YAOUNDE (Reuters) - Cameroon President Paul Biya won re-election by a widely expected landslide, according to results issued by the central African state’s top court on Friday, amid complaints from the opposition of fraud.
Biya, 78, took over 77.9 percent of the votes against a field of more than 20 opposition candidates, allowing him to extend his 29-year rule of the oil producer nation for another 7-year term.
“By consequence of obtaining the majority of votes cast, candidate Paul Biya is declared President of the Republic,” Alexis Dipanda Mouelle, Chief Justice of Cameroon’s Supreme Court said following a marathon eight-hour reading of results.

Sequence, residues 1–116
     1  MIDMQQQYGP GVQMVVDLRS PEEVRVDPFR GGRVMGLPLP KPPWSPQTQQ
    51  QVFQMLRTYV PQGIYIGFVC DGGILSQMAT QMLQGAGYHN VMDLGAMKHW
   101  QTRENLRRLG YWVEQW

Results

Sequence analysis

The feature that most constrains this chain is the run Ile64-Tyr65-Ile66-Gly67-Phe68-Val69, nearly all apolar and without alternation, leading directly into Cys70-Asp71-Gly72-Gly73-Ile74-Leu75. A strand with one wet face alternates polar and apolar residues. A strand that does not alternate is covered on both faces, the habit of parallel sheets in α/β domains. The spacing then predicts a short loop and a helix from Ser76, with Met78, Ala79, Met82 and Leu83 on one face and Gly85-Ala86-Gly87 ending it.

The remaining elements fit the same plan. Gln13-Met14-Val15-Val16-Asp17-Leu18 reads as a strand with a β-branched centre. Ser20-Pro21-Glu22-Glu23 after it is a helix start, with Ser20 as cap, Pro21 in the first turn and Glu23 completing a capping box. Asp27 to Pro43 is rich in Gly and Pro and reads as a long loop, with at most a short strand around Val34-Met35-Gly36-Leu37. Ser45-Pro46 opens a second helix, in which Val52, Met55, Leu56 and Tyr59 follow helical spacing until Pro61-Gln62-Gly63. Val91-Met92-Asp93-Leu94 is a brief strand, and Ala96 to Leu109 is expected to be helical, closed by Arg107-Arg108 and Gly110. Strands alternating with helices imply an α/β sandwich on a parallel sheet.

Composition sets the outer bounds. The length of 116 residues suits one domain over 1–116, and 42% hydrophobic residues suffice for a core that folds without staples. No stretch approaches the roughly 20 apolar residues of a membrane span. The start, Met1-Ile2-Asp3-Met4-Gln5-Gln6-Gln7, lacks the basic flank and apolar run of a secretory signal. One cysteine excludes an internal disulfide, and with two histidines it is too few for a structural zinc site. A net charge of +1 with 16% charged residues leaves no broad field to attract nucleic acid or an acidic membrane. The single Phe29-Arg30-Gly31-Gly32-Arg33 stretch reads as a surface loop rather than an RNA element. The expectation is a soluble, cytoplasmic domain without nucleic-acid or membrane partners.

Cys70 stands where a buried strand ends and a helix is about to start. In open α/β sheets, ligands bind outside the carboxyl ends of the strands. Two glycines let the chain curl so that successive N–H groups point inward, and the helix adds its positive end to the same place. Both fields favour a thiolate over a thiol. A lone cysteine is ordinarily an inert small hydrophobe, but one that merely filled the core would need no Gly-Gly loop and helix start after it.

Opposition candidates, including the main Social Democratic Front of John Fru Ndi who took 10 percent of the vote, had asked the court to annul the results and set a new election amid allegations of fraud, and warned of protests if their demands were rejected.
The court dismissed that appeal on Thursday.
Cameroon is the world’s fifth largest cocoa producer and the region’s breadbasket, supplying food to Chad, Central African Republic, Congo Republic and Gabon. It also hosts the Chad-Cameroon crude oil pipeline.
But its economic growth has underperformed some of its neighbours and the local media and opposition have criticised Biya for allowing corruption, red tape and nepotism to fester.
Biya, one of Africa’s longest serving presidents, altered the constitution in 2008 to remove term limits sparking off days of street riots.